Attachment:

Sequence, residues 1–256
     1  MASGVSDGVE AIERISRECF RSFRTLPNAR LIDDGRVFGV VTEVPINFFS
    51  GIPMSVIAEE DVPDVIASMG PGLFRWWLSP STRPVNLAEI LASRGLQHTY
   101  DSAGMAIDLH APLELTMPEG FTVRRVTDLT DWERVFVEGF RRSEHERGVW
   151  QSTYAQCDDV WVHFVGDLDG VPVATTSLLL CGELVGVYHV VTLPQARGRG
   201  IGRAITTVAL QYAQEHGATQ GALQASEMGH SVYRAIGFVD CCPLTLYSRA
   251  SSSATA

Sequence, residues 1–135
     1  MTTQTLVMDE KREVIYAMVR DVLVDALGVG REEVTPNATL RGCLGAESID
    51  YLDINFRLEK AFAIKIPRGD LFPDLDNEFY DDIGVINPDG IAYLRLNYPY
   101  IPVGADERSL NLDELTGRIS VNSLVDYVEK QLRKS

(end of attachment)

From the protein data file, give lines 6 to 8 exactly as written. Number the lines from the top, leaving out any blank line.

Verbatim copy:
   201  IGRAITTVAL QYAQEHGATQ GALQASEMGH SVYRAIGFVD CCPLTLYSRA
   251  SSSATA

Sequence, residues 1–135